Alice Milligan says careers are marathons, not sprints

Morgan Stanley’s Alice Milligan acknowledges that “sometimes people lose sight of what the financial industry fundamentally does” and is quick to stress this point: “Whether it’s wealth management, investment management, from banking to issuing credit cards, it’s about helping people achieve their goals and dreams.”

In fact, what ultimately brought Alice back to financial services was how “this industry gives back to society”.

Prior to becoming Morgan Stanley’s Chief Marketing Officer in 2021, Alice was Chief Customer Officer at E*Trade, a brand that partnered with Morgan Stanley in 2020. Today, she is passionate about leading the Morgan Stanley brand. .

“A brand has to come to life,” she says. “We have the opportunity to shape what people think of our business. What I love about my job is thinking strategically and designing what our audiences see and feel and how they interact with the brand, and then measuring the results of our efforts.

Alice was young when she learned about money and how to be independent. The self-proclaimed “Jersey Girl” describes growing up in a dysfunctional family. Working since the age of 12, she made paper itineraries, worked in a pharmacy and was a camp counsellor. At 19, after planning what she “needed to survive” for the next few years, she left home with only her savings. “It was a monumental time in my life,” she recalls.

Working in a full-time administrative position at AT&T allowed him to skip his evening college studies, earning both his undergraduate degree in business with a concentration in marketing and his graduate degree in corporate communications. Those 12 years “have allowed me to identify what’s important and where to focus your time and effort, and what isn’t,” says Alice.

A key partner in those years was her husband David, whom she met in her early twenties. Together for three decades now, she is grateful for her partnership “for helping me get through this time, doing laundry and cooking dinner while I did my homework when I wasn’t working or at school. “. The tables turned when, after finishing college and working at American Express, David was diagnosed with cancer and needed a liver transplant.

On the waiting list for a liver transplant for some time, Alice turned down career opportunities to stay close to home, “knowing we could be called in for a transplant at any time”. With this experience, she realizes: “Your career is a marathon, not a sprint. A decision you make today does not change what your future will be tomorrow.

Despite the personal sacrifices, she says, “opportunities will present themselves and you can still achieve your goals.” After working in human resources, product management, sales and “a host of other areas,” something clicked when she landed in financial services marketing. Before that, she was always hard on herself because she was not “a number person”. Then she recognized that she brought “a different set of skills to the table,” says Alice. “A lot of people who were calculating numbers in their heads weren’t thinking about the customer’s needs or wants and solving them.”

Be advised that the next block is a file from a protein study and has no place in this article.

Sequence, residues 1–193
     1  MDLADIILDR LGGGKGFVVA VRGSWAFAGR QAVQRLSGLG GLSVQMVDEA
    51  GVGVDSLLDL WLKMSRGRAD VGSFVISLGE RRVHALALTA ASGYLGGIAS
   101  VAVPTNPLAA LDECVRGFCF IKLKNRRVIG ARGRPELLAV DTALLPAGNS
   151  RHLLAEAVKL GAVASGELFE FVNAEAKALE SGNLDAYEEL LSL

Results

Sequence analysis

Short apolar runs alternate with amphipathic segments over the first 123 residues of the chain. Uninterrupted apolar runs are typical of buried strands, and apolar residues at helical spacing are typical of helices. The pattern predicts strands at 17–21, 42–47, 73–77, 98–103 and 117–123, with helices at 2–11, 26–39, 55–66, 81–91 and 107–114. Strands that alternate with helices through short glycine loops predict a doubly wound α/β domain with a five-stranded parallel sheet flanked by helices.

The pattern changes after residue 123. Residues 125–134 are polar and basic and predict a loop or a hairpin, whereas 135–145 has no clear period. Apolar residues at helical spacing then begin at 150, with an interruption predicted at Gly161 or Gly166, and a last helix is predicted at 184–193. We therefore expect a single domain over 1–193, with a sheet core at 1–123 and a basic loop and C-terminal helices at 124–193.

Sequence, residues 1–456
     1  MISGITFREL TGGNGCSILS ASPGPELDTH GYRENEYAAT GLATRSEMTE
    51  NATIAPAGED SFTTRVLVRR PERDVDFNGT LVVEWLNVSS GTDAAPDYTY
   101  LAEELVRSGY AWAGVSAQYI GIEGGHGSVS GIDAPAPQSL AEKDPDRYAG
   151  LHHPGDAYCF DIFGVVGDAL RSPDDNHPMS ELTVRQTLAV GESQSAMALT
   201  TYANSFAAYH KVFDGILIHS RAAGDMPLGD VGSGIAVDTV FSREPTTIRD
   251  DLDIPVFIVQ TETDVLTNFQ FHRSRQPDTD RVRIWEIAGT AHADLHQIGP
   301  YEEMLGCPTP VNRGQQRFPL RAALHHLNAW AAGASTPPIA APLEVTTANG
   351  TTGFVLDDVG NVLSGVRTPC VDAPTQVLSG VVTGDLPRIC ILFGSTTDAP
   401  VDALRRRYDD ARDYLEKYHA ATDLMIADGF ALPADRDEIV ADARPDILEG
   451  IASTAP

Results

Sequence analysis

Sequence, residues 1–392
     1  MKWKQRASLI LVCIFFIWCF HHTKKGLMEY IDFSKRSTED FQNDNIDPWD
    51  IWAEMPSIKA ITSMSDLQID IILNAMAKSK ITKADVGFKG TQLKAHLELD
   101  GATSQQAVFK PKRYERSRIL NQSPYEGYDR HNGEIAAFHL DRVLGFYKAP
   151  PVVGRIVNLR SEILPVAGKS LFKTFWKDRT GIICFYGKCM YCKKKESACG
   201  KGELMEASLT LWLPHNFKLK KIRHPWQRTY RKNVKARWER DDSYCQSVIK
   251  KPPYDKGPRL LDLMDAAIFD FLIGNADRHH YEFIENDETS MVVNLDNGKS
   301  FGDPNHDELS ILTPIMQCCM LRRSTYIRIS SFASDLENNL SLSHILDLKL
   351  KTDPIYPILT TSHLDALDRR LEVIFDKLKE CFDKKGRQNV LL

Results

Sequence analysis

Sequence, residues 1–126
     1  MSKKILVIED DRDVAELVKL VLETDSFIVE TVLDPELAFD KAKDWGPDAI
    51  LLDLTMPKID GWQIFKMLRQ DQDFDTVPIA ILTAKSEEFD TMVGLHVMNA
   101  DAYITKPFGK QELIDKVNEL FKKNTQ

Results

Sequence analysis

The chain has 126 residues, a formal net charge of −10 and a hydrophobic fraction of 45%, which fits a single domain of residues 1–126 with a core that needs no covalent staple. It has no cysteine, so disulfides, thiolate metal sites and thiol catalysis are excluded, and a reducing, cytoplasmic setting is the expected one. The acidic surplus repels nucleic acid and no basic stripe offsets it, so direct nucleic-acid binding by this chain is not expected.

The driving force behind this success is “having a long-term view, identifying the milestones you need to achieve, developing a strategy to achieve them, executing with excellence, and then sharing the results.” Looking back, she realizes that setting goals and milestones as a teenager and having the courage to take action to achieve those goals, like leaving home, laid the foundation for her future. “I’ve taken the same approach throughout my life and career,” she says.

This dynamic leader renowned for his big ideas that create memorable brand moments was recently named Morgan Stanley MAKER, joining a distinguished group of accomplished women and men, all nominated by their peers. She says, “MAKERS are magic. They are industry champions who have gone their own way to get there through hard work and a will to win.

For Alice, the MAKERS movement recognizes achievement and provides a platform to share stories, not only of successes, but also of obstacles overcome. She adds that her family challenges helped her grow as a leader after 9/11 while working at the World Trade Center complex and helped her team cope with stress and anxiety afterwards. . “It was the first time I realized that coming from a dysfunctional background makes you much stronger than you think, able to help others.”

Excited to continue giving back, Alice volunteers and raises funds for the American Cancer Society and Donate Life, among other organizations close to her heart following her husband’s liver transplant. She also mentors other women company-wide and reminds them to “speak up and ask for what you want.”

Alice, who loves fishing and boxing, a sport in which her great-grandfather and brother excelled, shares this advice: “The only limit in life is the one you give it. You can accomplish anything. It may not happen when or how you think it will happen, but if you are determined and stick with it and are true to your beliefs and values, it will happen.

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